Drill Sergeant Reflects On Finding Strength In His Family
by U.S. Army Megan Garcia
August 9, 2018
The transition from civilian to Soldier can be life-changing for those who choose to take that step. Another life-changing transition is the transition to drill sergeant, which one Soldier discovered can affect the Soldier’s entire Family.
U.S. Army Sgt. 1st Class Cory Jackson has served as a drill sergeant in Bravo Company, 1st Battalion, 46th Infantry Regiment, at Fort Benning, Georgia, for the past two years and said this assignment has taught him about himself and the importance of a resilient, supportive Family.
U.S. Army Sgt. 1st Class Cory Jackson, holding son Evan, and wife Jennifer, holding infant daughter Olivia, enjoy family time sitting in their home during 2018. Sgt. 1st Class Cory Jackson has served as a drill sergeant in Bravo Company, 1st Battalion, 46th Infantry Regiment, at Fort Benning, Georgia, for the past two years and said this assignment has taught him about himself and the importance of a resilient, supportive Family. (U.S. Army photo by Megan Garcia, Maneuver Center of Excellence, Fort Benning Public Affairs)
“I became much more organized because you don’t have the time to not be,” said Cory, who has been in the Army for 15 years. “Being a drill sergeant makes you a much better, responsible noncommissioned officer and effective leader. I would highly recommend it to anyone.”
Cory admitted he was apprehensive at first when he found out in 2015 he was selected for drill sergeant duty.
“My wife was pregnant with Olivia, so I was hoping I didn’t miss the birth,” said Cory. “That was my initial thought because I had missed Evan’s because of Afghanistan.”
Cory and his wife, Jennifer Jackson, have been married for eight years and have three children: Evan, Olivia and Avery, ages 4, 2 and 2 months.
Nonetheless Cory’s best friend, a former drill sergeant, convinced Cory that it would be a rewarding assignment.
“So I started reading up on it, more about what it could do for your career and how you could actually help shape the Army, and I got more excited about it as the days went by,” he said.
The Jackson Family arrived to Fort Benning in 2016. According to Cory, his instructors at the U.S. Army Drill Sergeant Academy in Fort Jackson, South Carolina, relayed to their class just how strenuous the assignment would be.
“They told us, ‘If you want to be a good drill sergeant, you are going to have to spend the time with your Soldiers. You’re going to come in when the sun’s down, and you’re going to leave when the sun’s down,’” Cory said.
That became apparent to Cory right away. In his previous assignments, he got to spend time with his children as the workday would typically end around 4 p.m. or 5 p.m.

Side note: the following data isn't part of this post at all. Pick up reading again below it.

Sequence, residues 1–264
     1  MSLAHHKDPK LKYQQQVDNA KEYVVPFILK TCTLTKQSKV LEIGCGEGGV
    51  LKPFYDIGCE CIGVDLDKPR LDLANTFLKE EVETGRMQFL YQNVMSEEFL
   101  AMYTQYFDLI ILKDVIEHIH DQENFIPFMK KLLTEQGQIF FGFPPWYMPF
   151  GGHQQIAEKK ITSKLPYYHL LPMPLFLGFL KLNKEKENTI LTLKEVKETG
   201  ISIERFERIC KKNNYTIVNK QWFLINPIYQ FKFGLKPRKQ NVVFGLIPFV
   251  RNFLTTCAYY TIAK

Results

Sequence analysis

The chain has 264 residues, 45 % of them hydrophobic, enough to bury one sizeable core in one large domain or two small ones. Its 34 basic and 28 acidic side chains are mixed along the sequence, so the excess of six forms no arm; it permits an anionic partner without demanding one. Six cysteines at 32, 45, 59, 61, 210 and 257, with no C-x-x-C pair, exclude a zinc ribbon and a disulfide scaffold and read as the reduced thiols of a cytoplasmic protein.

“Here, I’d leave when they were sleeping, and I would come home when they were sleeping,” he said.
Cory jokingly said this helped him to become more independent as he would often have to “fend for himself” for dinner, as both his children and wife were asleep.
For Jennifer, the transition proved to be just as challenging as she was trying to juggle two young children seemingly by herself while her husband was getting settled into his first cycle.
“It was rough because I had both of them at home,” said Jennifer referring to Evan and Olivia. “Olivia was only a month old, so it was like having a newborn pretty much by myself. I knew that in red phase they had long hours, but I expected him to be home earlier. So it was rough getting used to.”
Red phase is the first of three phases in Basic Training. Since it is the beginning phase, it is often the toughest as recruits are subject to “Total Control,” meaning their every action is monitored and constantly corrected by drill sergeants.
During his first cycle, Cory said this phase proved to be mentally draining as he was learning from his fellow drill sergeants while also trying to train new Soldiers.
“My mind was going all day, every day, so I was just exhausted,” Cory said.
He added that after dealing with trainees all day, it was sometimes difficult to come home to screaming children if they were awake, and he admitted that his attitude could sometimes be less than desirable.
Cory said he was amazed by his wife’s strength and resilience.
“She’s always been the rock, but she grew even larger when we got here,” Cory said. “She stepped up. It’s hard to even describe. We had back to back cycles. She was unbelievable. She made it so I didn’t have to worry about things. It’s your Family who is going to be doing the work at home because you are always going to be working. ”
Jennifer also served as the Bravo Company, 1-46 Family Readiness Group, a group that is paramount in support of the drill sergeants.
“They are great,” Cory said. “They would provide meals during long training events and the first 72 hours when we have new trainees and have to stay with them. They helped organize things off post. It’s a great support structure.”
Lt. Col. Sheldon Morris, the battalion commander of 1-46, agreed that the FRG and support of Soldiers’ Family members is crucial, especially for drill sergeants.
“The strength of our nation is our Army, but our greatest asset is our Soldiers and their Families,” Morris said. “To transform civilian volunteers into Soldiers requires a continuous investment of time and in people. No one knows this more than our Families and all-volunteer FRG members.
“Team Jackson is an excellent example of a strong Army Family on the trail, committed to the mission,” continued Morris. “His unwavering character, coupled with his ability to inspire peers and subordinates alike, solidifies his legacy in the battalion and generations to come.”